My doctor explained that this was actually great news, as cystoscopy is done in order to eliminate a possibility of risks such as cancer or bladder stones.

After a discussion about my symptoms and treatment history, she gave me a description of how my symptoms manifest themselves, which makes so much sense….

My bladder feels like it is in a constant panic attack. If you have ever had one, then you know the feeling…as weird as it sounds, this described my symptoms perfectly.

This is called ‘’painful bladder syndrome’’ or ‘’interstitial cystitis’’.

It is a chronic condition that causes a significant amount of bladder pressure, bladder pain and sometimes pelvic pain. The pain ranges from mild discomfort to severe pain. The condition is a part of a spectrum of diseases known as painful bladder syndrome.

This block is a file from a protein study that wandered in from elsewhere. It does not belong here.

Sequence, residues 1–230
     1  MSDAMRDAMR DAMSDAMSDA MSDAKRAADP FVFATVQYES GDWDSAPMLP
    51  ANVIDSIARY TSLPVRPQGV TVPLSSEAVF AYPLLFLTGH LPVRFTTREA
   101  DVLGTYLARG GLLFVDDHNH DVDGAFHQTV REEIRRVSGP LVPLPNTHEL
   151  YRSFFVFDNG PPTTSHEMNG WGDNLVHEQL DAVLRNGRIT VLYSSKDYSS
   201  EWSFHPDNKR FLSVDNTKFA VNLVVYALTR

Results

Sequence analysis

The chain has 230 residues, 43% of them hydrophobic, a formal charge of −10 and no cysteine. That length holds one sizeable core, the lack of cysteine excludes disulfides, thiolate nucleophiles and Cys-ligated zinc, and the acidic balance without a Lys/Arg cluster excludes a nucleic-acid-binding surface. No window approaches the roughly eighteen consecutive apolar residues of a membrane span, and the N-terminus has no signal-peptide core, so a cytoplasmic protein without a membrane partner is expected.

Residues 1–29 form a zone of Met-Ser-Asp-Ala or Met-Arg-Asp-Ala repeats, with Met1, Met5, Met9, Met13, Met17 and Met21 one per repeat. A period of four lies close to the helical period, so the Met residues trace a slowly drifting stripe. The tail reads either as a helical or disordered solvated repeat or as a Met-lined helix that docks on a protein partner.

Imagine it like this: when the bladder is full, it expands and sends a signal to your brain through the pelvic nerves that it’s time to urinate. With interstitial cystitis, these signals get mixed up — you feel the need to urinate more often and with smaller volumes of urine than most people.

The most common symptoms are  : 

  • frequent painful urination
  • lower abdominal pain
  • low back pain
  • blood in the urine
  • cloudy urine
  • bladder/pelvic pressure

Although there is no cure, medications and therapies may offer relief.

Source  :

I have now started medication that will help my bladder *relax* but it will take some time until I see the full effects or find the right medication for me. I still have more exams coming up but I am finally feeling a bit more hopeful.

It is challenging to come to terms with what I have, I am not going to lie. I am angry that I will always have those symptoms and I am certainly worried about how long it will take to find the right medication. All I can do now is try to manage my symptoms, be careful about any flare-ups and take it one day at a time. 

Thank you for reading my story!



Here are some websites that helped me better understand endometriosis and interstitial cystitis :